Tuesday, August 10, 2010
What is the economy?
I bet if you asked most people what the economy was they wouldn’t be able to really define it. They’d say it’s “business” or the work we do or making money. It’s certainly all those things, but it’s really more.
Very simply, the economy can be defined as the sum total of everything that we produce here in America. That’s what we call GDP or, “Gross Domestic Product.”
There are four components to GDP. They are:
1. Personal consumption (C): That’s everything that individuals spend money on. It’s also the biggest component, comprising about 70% of GDP or, $10.3 trillion.
2. Business investment (I): That’s everything that businesses spend money on. That comprises about 13% of GDP or, about $1.8 trillion.
3. Net Exports (NE): That’s the sum of exports minus imports. This number is pretty much always negative because we pretty much always run a trade deficit (imports being larger than exports). At the current time net exports subtract about $520 billion from GDP or -4%.
4. Government (G): This is everything the government spends money on. That comprises about 21% of GDP or, $3 trillion.
(Add them all together and they all add up to 100%)
Now that you know the four components or “ingredients,” you should understand that the economy can be expressed as a simple arithmetic equation that looks like this
GDP = C + I + G –NE
Where C equals consumption, I equals business investment, G equals government, and NE equals net exports (which is almost always negative as I said).
Once you see how simple this is, you can see how you can manipulate the equation to come up with any desired outcome.
Here’s an example.
Suppose C=3, I=2, G=1, NE=-1
Plugging those variables into the equation we get:
GDP = 3 +2 + 1 -1
Therefore, GDP = 5.
Changing any one of the variables or all of the variables changes the outcome.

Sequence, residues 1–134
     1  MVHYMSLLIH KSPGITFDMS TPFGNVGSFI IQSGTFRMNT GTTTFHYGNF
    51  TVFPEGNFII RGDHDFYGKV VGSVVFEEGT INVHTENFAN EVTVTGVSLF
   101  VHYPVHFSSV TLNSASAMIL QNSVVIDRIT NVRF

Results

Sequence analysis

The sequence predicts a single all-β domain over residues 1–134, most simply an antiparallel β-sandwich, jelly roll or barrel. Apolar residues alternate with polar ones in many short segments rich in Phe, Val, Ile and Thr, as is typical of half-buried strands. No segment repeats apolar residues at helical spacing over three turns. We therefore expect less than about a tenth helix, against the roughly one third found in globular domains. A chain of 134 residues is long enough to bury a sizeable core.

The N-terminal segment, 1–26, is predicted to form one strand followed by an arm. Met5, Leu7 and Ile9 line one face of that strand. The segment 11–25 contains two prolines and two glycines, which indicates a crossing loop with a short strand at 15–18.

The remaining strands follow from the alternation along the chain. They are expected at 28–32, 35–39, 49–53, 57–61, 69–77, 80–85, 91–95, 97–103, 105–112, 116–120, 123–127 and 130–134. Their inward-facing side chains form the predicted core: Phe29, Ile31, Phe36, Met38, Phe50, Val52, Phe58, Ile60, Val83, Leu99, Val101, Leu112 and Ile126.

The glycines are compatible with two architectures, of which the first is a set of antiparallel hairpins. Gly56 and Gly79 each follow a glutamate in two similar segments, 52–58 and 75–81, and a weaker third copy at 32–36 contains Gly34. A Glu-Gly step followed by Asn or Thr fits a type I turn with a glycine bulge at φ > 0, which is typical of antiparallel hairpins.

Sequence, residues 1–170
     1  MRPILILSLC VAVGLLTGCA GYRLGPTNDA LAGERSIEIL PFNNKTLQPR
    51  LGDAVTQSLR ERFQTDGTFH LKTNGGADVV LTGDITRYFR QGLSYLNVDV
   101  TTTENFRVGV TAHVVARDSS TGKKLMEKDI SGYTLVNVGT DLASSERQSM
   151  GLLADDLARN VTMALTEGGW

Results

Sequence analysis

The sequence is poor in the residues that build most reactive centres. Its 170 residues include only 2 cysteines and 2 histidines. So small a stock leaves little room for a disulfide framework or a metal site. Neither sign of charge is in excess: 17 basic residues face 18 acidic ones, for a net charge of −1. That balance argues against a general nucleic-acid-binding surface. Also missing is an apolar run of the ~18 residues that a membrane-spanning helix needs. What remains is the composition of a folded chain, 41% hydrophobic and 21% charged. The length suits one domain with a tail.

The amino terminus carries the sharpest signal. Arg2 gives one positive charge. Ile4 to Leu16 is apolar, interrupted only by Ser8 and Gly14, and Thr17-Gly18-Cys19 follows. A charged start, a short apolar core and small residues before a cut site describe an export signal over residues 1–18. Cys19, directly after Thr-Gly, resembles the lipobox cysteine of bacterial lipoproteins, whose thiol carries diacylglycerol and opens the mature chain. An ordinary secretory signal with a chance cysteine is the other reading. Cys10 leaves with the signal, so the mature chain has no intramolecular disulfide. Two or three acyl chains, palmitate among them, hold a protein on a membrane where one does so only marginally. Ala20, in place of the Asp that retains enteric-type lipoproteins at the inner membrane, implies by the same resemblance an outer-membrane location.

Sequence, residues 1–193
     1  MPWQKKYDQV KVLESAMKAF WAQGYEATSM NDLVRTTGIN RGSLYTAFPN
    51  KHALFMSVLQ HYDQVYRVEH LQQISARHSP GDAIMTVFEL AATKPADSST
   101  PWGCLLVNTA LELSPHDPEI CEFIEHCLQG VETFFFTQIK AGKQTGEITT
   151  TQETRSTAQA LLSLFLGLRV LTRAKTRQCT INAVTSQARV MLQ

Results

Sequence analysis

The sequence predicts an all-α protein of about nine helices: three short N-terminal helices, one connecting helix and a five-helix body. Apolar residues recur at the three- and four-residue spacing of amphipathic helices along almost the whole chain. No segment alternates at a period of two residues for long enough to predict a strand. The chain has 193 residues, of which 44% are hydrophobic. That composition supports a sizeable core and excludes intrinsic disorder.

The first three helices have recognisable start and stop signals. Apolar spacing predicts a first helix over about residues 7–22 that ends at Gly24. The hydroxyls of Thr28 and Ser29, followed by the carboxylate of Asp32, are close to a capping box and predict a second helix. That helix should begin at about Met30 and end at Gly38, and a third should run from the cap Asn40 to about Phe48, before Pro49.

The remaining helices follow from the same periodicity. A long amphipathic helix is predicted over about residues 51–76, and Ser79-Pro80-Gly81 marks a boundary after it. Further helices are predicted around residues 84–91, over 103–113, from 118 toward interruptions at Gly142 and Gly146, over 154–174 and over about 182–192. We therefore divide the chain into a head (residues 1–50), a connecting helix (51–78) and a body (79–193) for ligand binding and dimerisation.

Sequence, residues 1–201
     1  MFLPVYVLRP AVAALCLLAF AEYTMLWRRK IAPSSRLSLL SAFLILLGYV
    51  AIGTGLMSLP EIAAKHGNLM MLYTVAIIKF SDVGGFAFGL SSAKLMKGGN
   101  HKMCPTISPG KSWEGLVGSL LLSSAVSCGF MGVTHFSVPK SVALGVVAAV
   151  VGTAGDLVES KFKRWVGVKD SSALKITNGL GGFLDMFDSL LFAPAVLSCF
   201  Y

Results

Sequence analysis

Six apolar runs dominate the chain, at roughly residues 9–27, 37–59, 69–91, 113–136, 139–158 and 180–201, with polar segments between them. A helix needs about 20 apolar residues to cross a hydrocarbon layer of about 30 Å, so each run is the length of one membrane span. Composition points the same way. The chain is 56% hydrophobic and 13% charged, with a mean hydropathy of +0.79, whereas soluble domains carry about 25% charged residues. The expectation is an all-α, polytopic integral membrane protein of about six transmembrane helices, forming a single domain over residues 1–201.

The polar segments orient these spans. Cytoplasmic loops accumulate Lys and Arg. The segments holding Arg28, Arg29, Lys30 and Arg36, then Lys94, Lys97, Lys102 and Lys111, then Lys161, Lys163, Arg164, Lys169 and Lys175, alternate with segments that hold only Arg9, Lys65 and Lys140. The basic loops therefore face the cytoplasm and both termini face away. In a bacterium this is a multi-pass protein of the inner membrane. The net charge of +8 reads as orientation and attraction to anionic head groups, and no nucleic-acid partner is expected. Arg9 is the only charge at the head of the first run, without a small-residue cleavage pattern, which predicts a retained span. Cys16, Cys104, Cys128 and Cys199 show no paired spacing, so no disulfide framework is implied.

So if government spending goes up, rather than get all excited and worried about it, just plug the new number into the equation and see what happens.
If government spending (G) goes from +1 to +2 and the rest of the equation stays the same, we get:
GDP = 3 + 2 +2 -1
Therefore, GDP = 6.
In other words, GDP has grown, it’s gotten bigger. That’s good for stocks!
Why is this important?
Because in the present environment government spending is the easiest variable to change. The others are lot tougher. (How do you expect people to consume more when they don’t have jobs, for example?) On the other hand the government really has no constraint to how much it can spend because it spends in its own money (the U.S. dollar and the gov’t is the monopoly issuer of its own currency) and spending is done by merely electronically crediting bank accounts.
Is there a risk to doing this? Yes. The risk is that spending without constraint will use up all the available capital (both physical and human capital) of the nation. Think of it like pushing your car past the “red line” on the tachometer. However, we are nowhere near that at the present time. We have millions of people (human capital) out of work and industry operating at only 70% of its capacity. In other words, we have a lot of capital not being used.
Hopefully, when you explain this to your friends and colleagues it will take some of the fear or misunderstanding out of the whole thing and it will help them see that there are opportunities when others may look at this as risk. It should also show that the way out of our mess is quite easy.